7.92 magasine


#1

Found on a flea market, a magasine for a 7.92 Mauser.
The only marking is a J at the back.
Is it a genuine one ?
If yes value ?
Thanks
JP



#2

Germans experimented with extended Mauser magazines during WWI, I think. It has a cut-off latch, which would fit WWI mentality, like Lee-Enfield’s integral cut-off. I have no clue if it is original.


#3

Hi JP,
This magasine is made for the Mauser K98 its replace the standard magasine plate and put yours inplace. Than you have a 20 shots instead of 5. When its original it would be very rare.Most of these are copies.Price for a copy one is $58.
451kr


#4

Hi Leon !
How to see if it is a copy or not ??
JP


#5

JP,
Im sorry cant tell you. I know that the originals are very well made and not paint.Maby there is one that have an original one to compare.
451kr.


#6

I recently saw a similar discussion on a gun site. I will look for it and try to report back.

The following is from a respected member on the Gunboards website, whose name I will not post, as it is a bit inappropriate. I will gladly provide the name directly to anyone interested.

“The ( 25 round ) trench magazine is fairly scarce. As with the flash hider made for the kar98a that was also made in large quantities they both were unpopular with troops. As such the majority of these items issued simply were discarded by the troops and hence the rarity today.
A good condition trench magazine will easily start at $600 and can go up from there a couple more hundred. I passed on one over a decade ago at $725 , it took some years to find one and when I did I found another in short order and cheaper than I’d hoped for .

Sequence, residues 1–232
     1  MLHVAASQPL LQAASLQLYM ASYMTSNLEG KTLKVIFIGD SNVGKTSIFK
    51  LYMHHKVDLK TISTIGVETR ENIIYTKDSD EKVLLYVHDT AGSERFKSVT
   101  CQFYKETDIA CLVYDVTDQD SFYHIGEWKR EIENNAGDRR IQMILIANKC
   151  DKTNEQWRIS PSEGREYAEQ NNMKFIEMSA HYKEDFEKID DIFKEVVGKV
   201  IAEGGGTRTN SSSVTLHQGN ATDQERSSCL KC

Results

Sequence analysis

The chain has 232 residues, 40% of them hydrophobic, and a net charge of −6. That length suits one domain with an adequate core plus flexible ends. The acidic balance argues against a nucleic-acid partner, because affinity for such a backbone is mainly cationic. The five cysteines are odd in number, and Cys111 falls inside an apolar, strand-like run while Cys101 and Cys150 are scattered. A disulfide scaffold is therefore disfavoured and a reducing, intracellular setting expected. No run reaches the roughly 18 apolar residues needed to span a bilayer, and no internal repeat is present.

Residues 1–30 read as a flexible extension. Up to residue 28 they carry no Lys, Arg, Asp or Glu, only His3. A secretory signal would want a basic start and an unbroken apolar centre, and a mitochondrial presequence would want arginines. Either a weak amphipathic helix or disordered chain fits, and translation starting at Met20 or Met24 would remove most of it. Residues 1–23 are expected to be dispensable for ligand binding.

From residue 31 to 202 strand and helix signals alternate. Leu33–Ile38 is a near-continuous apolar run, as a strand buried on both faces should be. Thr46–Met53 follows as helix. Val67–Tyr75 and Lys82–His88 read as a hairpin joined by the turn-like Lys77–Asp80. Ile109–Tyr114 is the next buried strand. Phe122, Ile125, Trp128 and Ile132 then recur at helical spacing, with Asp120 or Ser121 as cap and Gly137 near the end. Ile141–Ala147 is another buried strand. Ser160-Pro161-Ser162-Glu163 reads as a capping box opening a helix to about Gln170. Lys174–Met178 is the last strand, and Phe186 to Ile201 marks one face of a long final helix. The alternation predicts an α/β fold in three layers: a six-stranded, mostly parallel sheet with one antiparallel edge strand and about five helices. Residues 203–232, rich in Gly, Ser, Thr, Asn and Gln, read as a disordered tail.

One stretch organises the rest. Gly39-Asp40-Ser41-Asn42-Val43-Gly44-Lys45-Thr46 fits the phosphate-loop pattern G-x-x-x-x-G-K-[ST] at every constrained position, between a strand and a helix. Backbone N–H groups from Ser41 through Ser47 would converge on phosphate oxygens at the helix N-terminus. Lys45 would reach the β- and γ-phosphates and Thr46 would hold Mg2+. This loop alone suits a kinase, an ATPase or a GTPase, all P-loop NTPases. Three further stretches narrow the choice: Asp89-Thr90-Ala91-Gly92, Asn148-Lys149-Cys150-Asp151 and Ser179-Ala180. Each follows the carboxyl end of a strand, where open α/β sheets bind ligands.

Originals are of course made sturdier and with a different finish. They were not blued like the repops are , none of their components will have a red tint to them either.The finish is a enamel black paint on the exterior with no paint on the interior. The spot welding will be very visible in the interior.
As well the followers on original trench mags are two varities which are unique to them only.One being a stamped sheet metal affairthat is “hollow” ( similar to a WW2 stamped follower but with a folded in place bottom) , and second is a stamped bottom with a steel ‘slat’ riveted to the top for the cartridge offset.
Also to note is the very early trench magaines did not come with the follower retainer clip and it’s little chain. Also early clips were a small solid peice of ‘flatstock’ while the majority of all produces were the stamped split type.”


#7

[quote=“Jon C.”]I recently saw a similar discussion on a gun site. I will look for it and try to report back.

The following is from a respected member on the Gunboards website, whose name I will not post, as it is a bit inappropriate. I will gladly provide the name directly to anyone interested.

“The ( 25 round ) trench magazine is fairly scarce. As with the flash hider made for the kar98a that was also made in large quantities they both were unpopular with troops. As such the majority of these items issued simply were discarded by the troops and hence the rarity today.
A good condition trench magazine will easily start at $600 and can go up from there a couple more hundred. I passed on one over a decade ago at $725 , it took some years to find one and when I did I found another in short order and cheaper than I’d hoped for .
Originals are of course made sturdier and with a different finish. They were not blued like the repops are , none of their components will have a red tint to them either.The finish is a enamel black paint on the exterior with no paint on the interior. The spot welding will be very visible in the interior.
As well the followers on original trench mags are two varities which are unique to them only.One being a stamped sheet metal affairthat is “hollow” ( similar to a WW2 stamped follower but with a folded in place bottom) , and second is a stamped bottom with a steel ‘slat’ riveted to the top for the cartridge offset.
Also to note is the very early trench magaines did not come with the follower retainer clip and it’s little chain. Also early clips were a small solid peice of ‘flatstock’ while the majority of all produces were the stamped split type.”[/quote]
thanks
Could you give me the mail of the guy ?
Thanks
JP